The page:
Aiden smiled at the thought of her, watching the clouds outside of the window until the plane landed. He rushed off. A smile broke out on his face. His heart was beating excitedly in his chest. His stomach was clenching nervously, but the good type of nerves this time.

With his bag slung over his shoulder and that smile still on his face, Aiden practically rushed past security to meet his father standing there waiting for him.

“Dad…!” he called, rushing up to embrace his father with a hearty pat on the back.

“Aiden,” his father replied warmly, a deep chuckle reverberating through his chest. He pushed Aiden back slightly to hold him at arm’s length, his hands on Aiden’s shoulders. “Oh, my youngest son. Let me look at you. It’s been years since you’ve been home.”

“I know, dad,” Aiden said with a sad smile. He could see the longing in his dad’s eyes. The man wasn’t that old, but his black hair had streaks of grey in it now. The laugh lines were more prominent around his eyes and mouth. In the end though, he was still his dad.

“None of that,” his dad admonished. “You’re a professional baseball player now!”

There was that wonder in his voice that always accompanied anything having to do with his baseball career. Aiden’s biggest fan, besides his mom, was his dad. He was the one who took Aiden to games as a kid, who taught him how to swing a bat. It had been rough not having the time to see his dad over the past few years.

Aiden just chuckled at his dad, who of course wouldn’t let Aiden carry his bag on his own. His mom would have done the same thing. The woman was thin and small, but Aiden had no doubt that she could muscle any grown man out of the way when it came to her kids.

“So, your brothers are coming over too, but I didn’t tell them that you’d be here. Ian is bringing along Nikki, but Letta has to work. So does Lyla, so it’ll be your brothers, your mom, and Nikki. You’ll probably never get time away from your brothers once they learn you’ll be in the city,” his dad chuckled as they walked along. “Well, once you have a girlfriend, I’m sure your brothers will give you some privacy. Or not. You know how they are.”

Aiden chuckled humorlessly, looking away. It was pathetic. He was twenty-four and still hadn’t told his parents that he was gay. His dad told him all the time that he didn’t have to find the right girl soon, or that it was okay to play the field a bit, and his brothers latched on. Aiden’s only saving grace was his mother, who blissfully, and somewhat oddly, never brought up the idea of a girlfriend. Maybe she’d given up hope for him. He didn’t know if that was worse than his dad’s and brothers’ curiosity.

It was easy to distract his dad with stories about his games. The man wanted to know everything. Aiden felt like he’d been talking for the entire hour ride home by the time they finally pulled up to his parents’ old house.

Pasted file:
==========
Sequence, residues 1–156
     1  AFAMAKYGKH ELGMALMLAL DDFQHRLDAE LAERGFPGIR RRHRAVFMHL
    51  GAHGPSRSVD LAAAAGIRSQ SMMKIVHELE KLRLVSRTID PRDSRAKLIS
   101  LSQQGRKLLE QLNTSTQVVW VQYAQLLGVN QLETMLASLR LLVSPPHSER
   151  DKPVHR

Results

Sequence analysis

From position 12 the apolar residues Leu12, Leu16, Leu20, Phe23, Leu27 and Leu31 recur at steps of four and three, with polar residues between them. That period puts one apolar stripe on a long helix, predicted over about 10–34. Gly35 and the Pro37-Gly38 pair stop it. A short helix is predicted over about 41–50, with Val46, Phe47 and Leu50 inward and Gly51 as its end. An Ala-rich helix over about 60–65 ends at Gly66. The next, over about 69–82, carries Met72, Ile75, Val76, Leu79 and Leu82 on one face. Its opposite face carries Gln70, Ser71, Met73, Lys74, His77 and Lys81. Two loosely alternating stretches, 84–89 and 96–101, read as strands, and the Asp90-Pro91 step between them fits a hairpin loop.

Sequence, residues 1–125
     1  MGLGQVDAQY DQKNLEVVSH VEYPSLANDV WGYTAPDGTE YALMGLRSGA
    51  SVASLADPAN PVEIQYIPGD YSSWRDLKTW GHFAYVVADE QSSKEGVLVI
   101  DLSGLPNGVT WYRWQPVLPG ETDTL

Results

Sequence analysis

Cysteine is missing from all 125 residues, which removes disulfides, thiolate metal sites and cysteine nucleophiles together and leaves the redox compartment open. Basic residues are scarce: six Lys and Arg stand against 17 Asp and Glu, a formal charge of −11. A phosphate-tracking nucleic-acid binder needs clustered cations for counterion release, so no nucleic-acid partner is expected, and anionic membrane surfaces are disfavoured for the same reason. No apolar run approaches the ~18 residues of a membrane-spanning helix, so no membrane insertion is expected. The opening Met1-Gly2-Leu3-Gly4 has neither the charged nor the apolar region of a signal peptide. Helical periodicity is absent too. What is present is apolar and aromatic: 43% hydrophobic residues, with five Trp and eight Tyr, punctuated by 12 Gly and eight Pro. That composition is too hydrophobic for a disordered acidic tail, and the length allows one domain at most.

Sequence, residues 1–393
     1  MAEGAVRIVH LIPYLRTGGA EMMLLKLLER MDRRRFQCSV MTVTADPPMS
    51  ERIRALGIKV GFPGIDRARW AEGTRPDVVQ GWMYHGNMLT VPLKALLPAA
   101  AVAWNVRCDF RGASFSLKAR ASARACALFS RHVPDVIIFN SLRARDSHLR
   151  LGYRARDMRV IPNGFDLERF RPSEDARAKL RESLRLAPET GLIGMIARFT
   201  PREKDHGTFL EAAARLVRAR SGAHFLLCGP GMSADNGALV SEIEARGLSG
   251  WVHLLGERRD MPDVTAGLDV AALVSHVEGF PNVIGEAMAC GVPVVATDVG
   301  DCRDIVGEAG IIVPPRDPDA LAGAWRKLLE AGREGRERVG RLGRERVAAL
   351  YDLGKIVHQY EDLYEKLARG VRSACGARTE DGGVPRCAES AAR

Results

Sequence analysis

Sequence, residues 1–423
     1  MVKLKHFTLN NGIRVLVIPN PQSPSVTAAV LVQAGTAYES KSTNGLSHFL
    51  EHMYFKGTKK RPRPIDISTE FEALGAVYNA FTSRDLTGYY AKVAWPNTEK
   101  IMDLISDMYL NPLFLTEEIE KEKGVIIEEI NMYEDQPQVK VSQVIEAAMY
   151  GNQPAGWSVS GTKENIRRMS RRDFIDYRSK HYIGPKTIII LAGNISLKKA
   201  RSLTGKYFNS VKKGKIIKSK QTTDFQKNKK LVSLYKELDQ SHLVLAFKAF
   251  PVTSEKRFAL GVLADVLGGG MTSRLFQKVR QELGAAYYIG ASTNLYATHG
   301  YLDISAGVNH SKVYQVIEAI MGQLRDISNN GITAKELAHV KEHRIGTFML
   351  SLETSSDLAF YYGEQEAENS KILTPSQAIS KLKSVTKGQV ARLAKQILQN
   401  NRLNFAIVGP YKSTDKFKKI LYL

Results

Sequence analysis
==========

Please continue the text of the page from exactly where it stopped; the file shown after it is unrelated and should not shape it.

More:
Aiden took a deep breath, almost feeling nervous for no real reason at all. This was the house he grew up in. He knew the buildings around here like the back of his hand. It would just be his mom and his brothers inside with his niece.

But there were memories of a lot of other people sitting inside that house too. Every time he came home, Aiden couldn’t help but to feel a spark of melancholy. This time was no different.

He pushed those thoughts aside as his dad motioned for him to go around the back. Aiden rolled his eyes with a fond smile, sneaking around the side of the house. He’d done this so many times when he was in high school that he could have avoided the windows and walked the yard in the dark without tripping over any plants or hedges or getting caught up in the snow. Back then, he’d been hushing Kellen to get the other boy to stop laughing. Aiden could almost hear those chuckles again as he bypassed the ledge that he used to climb up and instead arrived at the back door.

He could hear everyone talking inside. There was Ian, his oldest brother, married to Letta and with their daughter, Nikki. Ian had always been the responsible one out of the three of them with a surprisingly dry sense of humor and no qualms about being straightforward with people. Then there was Isaac, the middle kid who was dating Lyla, won people over with his smile and personality, and liked to crack jokes. Those two were hard enough to handle, but with Aiden and their dad in the mix too, it was a wonder that his mother remained sane.

Aiden shivered slightly in the snow as he waited for the right time to interrupt. His ears perked up when heard his dad open the front door and yell out, “I’m back! Brought a surprise for everyone!” It was Isaac who asked, “Is this another surprise like the time you got mom a level for her birthday because she ‘keeps the household level’ or some nonsense like that?”

Aiden could almost hear his mother rolling her eyes. “That’s not even the worst thing he got me. But I’m sure you stopped to look at some tools or sport thing from how long it took you,” Aiden heard his mother say flippantly. “As long as you didn’t buy something too expensive that I’ll make you return, more power to you.”